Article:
Paying for impacts
As Truckee grows, so must its traffic system, but figuring out who pays for new streets and roads is proving to be a challenge.
The Truckee Town Council last week considered an increase in traffic-impact fees charged to new development that help pay for road projects needed to keep up with growth. The Council is considering optio2ns that could more than double the fee, drawing vocal opinions from area contractors, the Tahoe Truckee Unified School District and local developers.
Key issues in the debate so far include possible exemptions for government development and affordable-housing projects.
Facilities Director John Britto of the Tahoe Truckee Unified School District presented reasons why school districts should be exempt from paying a traffic impact fee when constructing new schools.
According to Britto at Thursday’s council hearing:
– Fees assigned to the school district would be paid by the entire community, not just by developers, because school construction is funded by bonds paid by the entire community.
– Schools are a response to growth, not the cause of it.
– The school district already reduces traffic impact through its own transportation system. Britto said by busing students, the district eliminates the equivalent of 663 vehicle trips every day.
– Projects supported by the fee do not benefit the schools.
– School traffic doesn’t contribute to town peak-traffic times.
– Other communities waive traffic fees for school districts.
Additionally, Britto contended that exempting school projects on a case-by-case basis would create uncertainty, so a flat-out exemption would be more appropriate.
Executive Director Pat Davison of the Contractors Association of Truckee Tahoe supported exemptions for affordable housing, but said the association doesn’t support similar breaks for government facilities.
The association supports waiving fees for affordable housing because the cost of the fee may be passed on to the home buyer, she said.
Davison also said contractors dispute how responsible new developments are for traffic congestion. Fees charged projects like the Mousehole, the Donner Pass Road/ Glenshire Drive intersection, the third Tahoe Donner connector, and the Donner Pass Road/ Highway 89 south intersection, should be supplemented from other sources.
“We do not agree with the assignment of responsibility, and we are asking for recognition of some responsibility of the town,” Davison said.
Town Public Works Director Dan Wilkins said a third street access to Tahoe Donner would use $19.5 million in traffic-impact fees and $4 million from developments directly on the new route. Similarly, the Glenshire/ Donner Pass Road re-alignment would use $3.9 million from traffic fees and $2 million from the Railyard development.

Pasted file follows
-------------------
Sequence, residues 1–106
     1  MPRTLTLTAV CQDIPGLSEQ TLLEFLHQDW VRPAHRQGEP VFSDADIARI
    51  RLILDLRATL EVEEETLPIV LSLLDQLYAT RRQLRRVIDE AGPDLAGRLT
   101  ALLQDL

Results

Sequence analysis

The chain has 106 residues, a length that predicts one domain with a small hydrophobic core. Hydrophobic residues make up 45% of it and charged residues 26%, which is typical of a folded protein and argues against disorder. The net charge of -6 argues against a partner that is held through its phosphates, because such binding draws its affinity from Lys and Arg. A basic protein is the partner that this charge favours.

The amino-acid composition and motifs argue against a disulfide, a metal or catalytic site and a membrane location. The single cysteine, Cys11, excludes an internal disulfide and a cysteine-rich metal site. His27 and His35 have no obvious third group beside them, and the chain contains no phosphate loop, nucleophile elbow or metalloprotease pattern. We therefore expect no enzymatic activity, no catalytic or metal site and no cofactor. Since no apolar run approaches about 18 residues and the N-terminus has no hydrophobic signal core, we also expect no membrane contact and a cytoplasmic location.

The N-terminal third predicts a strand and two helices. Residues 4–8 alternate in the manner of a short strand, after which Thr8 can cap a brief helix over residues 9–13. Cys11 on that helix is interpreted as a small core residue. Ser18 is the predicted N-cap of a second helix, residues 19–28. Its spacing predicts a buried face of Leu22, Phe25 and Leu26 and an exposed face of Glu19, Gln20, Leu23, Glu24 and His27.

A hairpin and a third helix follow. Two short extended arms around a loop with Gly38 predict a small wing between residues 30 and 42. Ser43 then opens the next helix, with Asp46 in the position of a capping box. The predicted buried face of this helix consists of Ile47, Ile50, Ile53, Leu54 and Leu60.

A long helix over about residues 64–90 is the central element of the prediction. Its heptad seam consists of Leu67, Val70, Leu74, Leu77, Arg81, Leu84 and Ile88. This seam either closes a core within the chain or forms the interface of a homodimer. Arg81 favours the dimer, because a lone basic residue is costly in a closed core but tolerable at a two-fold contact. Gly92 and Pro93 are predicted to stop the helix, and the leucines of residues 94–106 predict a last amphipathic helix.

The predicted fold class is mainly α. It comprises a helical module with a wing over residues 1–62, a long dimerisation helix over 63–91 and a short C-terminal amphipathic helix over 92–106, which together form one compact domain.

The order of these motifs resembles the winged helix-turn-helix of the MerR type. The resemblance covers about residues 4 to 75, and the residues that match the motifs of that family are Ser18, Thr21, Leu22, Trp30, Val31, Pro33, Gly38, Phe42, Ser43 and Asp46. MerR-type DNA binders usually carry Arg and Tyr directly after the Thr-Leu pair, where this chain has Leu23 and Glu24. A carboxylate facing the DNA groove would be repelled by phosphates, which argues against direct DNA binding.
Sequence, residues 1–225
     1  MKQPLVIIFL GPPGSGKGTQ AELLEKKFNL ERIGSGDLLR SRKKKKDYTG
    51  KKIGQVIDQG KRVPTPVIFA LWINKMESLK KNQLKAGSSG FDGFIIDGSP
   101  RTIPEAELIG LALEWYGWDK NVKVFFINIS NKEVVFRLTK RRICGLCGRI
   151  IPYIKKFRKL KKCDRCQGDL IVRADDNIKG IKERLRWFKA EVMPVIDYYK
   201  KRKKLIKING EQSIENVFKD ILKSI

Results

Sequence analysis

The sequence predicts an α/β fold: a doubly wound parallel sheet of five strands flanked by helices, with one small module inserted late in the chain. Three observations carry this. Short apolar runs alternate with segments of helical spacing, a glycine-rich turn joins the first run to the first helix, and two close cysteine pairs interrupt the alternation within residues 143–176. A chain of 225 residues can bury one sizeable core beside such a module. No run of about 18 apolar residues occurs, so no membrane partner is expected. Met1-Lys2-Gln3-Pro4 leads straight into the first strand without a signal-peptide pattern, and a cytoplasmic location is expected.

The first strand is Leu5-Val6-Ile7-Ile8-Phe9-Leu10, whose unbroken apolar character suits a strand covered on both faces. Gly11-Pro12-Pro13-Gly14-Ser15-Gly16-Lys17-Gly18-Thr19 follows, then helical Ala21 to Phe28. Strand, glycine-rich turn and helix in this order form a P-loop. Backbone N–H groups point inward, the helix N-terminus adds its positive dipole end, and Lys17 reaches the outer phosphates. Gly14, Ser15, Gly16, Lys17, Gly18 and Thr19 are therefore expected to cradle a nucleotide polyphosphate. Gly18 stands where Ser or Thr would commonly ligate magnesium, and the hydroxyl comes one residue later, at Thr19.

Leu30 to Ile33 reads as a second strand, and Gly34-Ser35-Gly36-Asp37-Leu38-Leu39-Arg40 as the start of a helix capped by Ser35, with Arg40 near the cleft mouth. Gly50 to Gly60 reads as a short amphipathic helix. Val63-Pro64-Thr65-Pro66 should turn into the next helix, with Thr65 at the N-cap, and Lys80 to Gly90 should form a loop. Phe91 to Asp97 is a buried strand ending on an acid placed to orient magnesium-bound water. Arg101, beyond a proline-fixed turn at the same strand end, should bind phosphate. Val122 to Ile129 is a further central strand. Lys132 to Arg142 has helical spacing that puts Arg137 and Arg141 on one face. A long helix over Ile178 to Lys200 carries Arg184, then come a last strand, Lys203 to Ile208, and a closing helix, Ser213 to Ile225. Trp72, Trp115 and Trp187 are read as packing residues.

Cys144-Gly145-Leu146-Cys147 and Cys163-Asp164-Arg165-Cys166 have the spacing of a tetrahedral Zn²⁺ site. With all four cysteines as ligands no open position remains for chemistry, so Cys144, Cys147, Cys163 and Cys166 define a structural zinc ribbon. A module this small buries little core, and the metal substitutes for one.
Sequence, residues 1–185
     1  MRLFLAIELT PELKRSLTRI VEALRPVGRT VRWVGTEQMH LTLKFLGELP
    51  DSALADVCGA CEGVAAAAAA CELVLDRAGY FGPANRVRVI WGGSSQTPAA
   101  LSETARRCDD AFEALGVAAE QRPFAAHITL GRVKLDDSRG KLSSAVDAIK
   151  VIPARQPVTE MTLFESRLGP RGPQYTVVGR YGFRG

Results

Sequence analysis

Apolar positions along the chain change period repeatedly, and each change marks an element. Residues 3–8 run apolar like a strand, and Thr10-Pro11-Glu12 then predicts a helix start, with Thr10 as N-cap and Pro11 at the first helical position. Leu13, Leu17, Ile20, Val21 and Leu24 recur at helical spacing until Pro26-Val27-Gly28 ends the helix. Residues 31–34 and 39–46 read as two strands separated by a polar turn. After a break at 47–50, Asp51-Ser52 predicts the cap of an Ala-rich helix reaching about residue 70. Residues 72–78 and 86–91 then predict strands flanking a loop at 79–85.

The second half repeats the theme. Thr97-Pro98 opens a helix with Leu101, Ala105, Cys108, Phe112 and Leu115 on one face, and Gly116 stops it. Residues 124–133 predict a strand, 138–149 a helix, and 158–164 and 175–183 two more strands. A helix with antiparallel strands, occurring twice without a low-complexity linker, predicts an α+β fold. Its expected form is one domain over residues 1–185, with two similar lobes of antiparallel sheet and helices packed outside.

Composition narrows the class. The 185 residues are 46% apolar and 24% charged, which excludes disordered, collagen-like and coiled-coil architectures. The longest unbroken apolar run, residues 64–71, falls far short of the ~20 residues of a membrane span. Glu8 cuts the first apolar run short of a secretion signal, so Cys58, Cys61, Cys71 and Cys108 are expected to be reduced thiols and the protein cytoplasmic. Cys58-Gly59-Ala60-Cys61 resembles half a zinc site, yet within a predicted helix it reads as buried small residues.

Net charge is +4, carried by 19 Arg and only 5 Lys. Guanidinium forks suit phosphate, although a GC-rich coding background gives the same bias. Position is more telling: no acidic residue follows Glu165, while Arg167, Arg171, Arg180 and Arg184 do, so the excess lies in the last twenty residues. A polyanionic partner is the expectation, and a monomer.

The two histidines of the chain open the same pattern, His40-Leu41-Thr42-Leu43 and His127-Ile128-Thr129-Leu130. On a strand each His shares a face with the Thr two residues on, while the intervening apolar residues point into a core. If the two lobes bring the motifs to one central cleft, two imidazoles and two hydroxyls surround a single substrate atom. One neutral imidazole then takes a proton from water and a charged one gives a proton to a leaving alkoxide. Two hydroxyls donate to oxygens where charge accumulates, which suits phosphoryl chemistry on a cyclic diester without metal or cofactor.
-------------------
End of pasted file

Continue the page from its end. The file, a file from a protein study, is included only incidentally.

The portion of the proposed Mousehole traffic improvements to paid by traffic-impact fees would require an increase of $189 per unit for all new development, Wilkins said.
Valerie Green, owner of the Knight’s Crossing development, said that commercial development should pay a different fee than residential development.
“Like school, commercial development is a reaction to growth, not a cause of growth,” Green said.
Agreeing with the contractors association, she also said some of the projects to be funded by traffic-impact fees are already needed, and not required by new development.
Green also suggested a bond measure to help with road improvements might help.
Bob French, a Truckee-based developer, said a development’s potential to reduce traffic, by shortening trips for example, should be taken into consideration with the fee.
Affordable housing should be exempt, because housing prices are a responsibility of the community at large, rather than just developers, he said.
Council members Josh Susman, Carolyn Wallace Dee and Mark Brown spoke in favor of a case-by-case test to exempt government building from the fee, depending on whether the development is a result of growth, or a cause of it.
“I support a case-by-case based on use,” said Wallace Dee. “The school is forced to react to growth, but it’s not just the school district ” so does the [Truckee Donner Public Utility District].”
Susman said such a review would work well for the school, pointing out that the school hasn’t paid any traffic-impact fees to Truckee to date.
Mayor Richard Anderson suggested some guidelines be created to help decide whether a government building project would be exempt.
If the project enhances services provided by that government agency, it should pay the fee, he said, while if the new project is to meet an existing need, it should be waived.
Wallace Dee also said she favored subsidizing affordable housing developments ” not requiring affordable housing as a condition of approving a larger development.
Traffic-impact fees are calculated on the traffic a new development is expected to generate. The base fee represents the traffic generated by a three-bedroom home, or its equivalent.
Charge per unit
Proposed, no exemptions: $5,169
If affordable housing is exempt: $5,513
If government is exempt: $5,412
If schools only are exempt: $5,218
If government and affordable housing are exempt: $5,756
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